ATR-49

Description of exempt loan to finance construction of manufacturing plant where each drawdown constitutes a separate loan and failure to complete the construction within five years constitutes an event of default.

IT-155R3 "Exemption from Non-resident Tax on Interest Payable on Certain Bonds, Debentures, Notes, Hypothecs or Similar Obligations"

An amount paid by a guarantor in respect of interest payable under a guaranteed obligation is subject to the withholding tax unless the obligation is one on which the interest is exempt under one of the exemptions in s. 212(1)(b).

IT-361R2 "Exemption from Tax on Interest Payments to Non-residents"

General discussion.

Read, "Technical Matters", 83 C.R., p. 783

A cross default provision can, depending upon the facts, constitute a legitimate event of default. Events that are the consequence of an act by persons not party to the agreement, e.g. regulatory bodies, can't be considered an event of default.

The expression "terms of agreement" can be interpreted to include terms of related agreements.

Articles

Robert A. Kopstein, Janette Y. Pantry, "Subparagraph 212(1)(b)(vii) Withholding Tax Exemption", 2005 Conference Report, c. 15.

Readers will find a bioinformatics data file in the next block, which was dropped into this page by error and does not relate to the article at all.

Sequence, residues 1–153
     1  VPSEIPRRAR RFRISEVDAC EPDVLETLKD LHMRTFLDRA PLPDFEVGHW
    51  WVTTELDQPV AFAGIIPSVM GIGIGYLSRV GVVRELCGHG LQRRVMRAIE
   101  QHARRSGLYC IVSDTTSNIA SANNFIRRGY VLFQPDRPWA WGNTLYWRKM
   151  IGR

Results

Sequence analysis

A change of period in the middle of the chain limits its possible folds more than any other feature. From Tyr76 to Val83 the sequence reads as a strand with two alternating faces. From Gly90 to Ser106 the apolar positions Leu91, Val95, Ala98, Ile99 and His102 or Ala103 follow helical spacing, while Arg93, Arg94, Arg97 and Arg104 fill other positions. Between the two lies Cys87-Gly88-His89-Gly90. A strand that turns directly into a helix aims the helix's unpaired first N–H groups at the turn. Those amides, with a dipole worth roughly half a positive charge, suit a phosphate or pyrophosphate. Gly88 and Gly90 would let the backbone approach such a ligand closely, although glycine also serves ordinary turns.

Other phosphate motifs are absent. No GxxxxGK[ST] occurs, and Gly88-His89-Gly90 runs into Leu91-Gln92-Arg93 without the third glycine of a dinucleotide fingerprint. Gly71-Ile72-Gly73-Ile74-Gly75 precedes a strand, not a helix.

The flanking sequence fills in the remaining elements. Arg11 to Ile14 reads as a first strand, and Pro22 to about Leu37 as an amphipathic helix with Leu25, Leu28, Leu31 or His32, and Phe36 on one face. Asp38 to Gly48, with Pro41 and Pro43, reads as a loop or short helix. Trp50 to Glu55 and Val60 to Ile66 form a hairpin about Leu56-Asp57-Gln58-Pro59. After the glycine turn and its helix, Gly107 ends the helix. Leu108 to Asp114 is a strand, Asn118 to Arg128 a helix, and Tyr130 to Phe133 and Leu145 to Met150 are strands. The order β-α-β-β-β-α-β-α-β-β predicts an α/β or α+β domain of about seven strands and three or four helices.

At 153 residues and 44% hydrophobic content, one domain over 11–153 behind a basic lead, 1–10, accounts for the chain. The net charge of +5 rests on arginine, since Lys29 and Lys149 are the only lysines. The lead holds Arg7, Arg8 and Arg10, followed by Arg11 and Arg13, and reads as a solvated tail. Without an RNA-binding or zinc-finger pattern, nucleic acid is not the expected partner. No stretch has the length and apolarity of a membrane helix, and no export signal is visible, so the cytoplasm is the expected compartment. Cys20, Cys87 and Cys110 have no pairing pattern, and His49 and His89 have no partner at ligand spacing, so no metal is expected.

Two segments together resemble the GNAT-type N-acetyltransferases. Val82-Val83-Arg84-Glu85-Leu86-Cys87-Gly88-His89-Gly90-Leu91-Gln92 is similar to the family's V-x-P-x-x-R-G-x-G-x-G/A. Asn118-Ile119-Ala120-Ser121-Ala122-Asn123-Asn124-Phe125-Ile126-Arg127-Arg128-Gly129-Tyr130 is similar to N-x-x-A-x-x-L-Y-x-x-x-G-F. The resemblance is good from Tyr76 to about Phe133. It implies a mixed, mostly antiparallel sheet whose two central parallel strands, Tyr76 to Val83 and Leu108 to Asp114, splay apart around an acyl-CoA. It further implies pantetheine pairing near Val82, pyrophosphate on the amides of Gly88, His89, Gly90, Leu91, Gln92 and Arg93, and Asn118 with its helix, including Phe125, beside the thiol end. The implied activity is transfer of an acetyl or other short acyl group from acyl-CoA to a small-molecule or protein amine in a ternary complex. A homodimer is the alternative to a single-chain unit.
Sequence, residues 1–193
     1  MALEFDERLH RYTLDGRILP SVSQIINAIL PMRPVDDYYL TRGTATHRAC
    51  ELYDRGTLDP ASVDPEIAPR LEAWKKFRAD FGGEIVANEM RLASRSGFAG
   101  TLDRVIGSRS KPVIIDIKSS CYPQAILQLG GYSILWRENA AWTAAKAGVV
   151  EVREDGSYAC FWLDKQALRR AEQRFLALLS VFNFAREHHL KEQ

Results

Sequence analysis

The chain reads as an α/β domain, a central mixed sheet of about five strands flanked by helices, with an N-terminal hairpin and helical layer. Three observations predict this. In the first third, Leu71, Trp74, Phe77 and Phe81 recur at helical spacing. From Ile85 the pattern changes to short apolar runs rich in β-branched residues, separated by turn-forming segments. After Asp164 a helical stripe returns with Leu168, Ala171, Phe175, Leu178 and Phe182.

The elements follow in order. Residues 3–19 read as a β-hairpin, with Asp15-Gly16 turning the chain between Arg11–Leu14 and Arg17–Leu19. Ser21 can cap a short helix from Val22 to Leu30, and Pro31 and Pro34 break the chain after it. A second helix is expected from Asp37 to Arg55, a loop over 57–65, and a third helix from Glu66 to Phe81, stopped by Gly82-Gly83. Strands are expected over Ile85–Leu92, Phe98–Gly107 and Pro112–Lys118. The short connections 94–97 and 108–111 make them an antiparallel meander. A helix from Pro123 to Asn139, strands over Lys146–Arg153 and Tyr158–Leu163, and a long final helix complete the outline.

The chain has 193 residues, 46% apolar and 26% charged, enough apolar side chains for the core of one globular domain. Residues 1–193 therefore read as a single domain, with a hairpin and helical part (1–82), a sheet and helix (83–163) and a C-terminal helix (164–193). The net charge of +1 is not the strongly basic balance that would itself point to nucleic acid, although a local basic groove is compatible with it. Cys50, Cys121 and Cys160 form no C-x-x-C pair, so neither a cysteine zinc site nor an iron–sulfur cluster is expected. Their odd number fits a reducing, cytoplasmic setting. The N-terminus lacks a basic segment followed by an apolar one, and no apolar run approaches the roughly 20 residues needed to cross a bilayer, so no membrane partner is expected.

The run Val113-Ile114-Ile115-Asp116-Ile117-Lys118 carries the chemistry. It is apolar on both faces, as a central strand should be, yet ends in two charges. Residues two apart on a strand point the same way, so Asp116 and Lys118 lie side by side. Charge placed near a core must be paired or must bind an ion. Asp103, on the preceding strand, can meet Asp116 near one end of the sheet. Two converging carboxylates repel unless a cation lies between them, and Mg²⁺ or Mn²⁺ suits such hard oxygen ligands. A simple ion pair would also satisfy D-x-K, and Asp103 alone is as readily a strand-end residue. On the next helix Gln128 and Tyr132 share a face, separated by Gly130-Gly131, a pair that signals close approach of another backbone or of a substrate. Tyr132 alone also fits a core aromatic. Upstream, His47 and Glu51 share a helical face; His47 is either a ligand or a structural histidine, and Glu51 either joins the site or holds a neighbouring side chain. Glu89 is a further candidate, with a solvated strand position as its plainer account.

Julie Colden, "Implications of Imperial Oil", Canadian Current Tax, Vol. 15, No. 3, December 2004, p. 21.

Jack A. Silverson, "The New Trust Proposals in Section 212(1)(b)(vii)", Corporate Finance, Vol. VII, No. 2, 1999, p. 615.

Smith, "Recent Transactions: Debt", 1993 Conference Report, C. 19

Discussion of Hollinger Lyons transaction (including cash equivalent option, and change in control definition).

Richardson, "European Currency Unit: A Currency for All Seasons", Corporate Finance, Vo. 1, No. 2, 1992, p. 43

The ECU qualifies as a currency other than Canadian currency.

Wilkie, "Issues Impacting on Exposure to Canadian Withholding Tax", Corporate Finance, Vol. 1, No. 1, 1992, p. 17.

Richardson, "Current Developments in Debt Financing: A Canadian Tax Perspective", 1988 Conference Report, C.22: Discussion of "poison puts".

Hansen, Richardson, "How Canadian Issuers Use Short-term Instruments", International Financial Law Review, February 1987, page 11

Description of "put-option structure".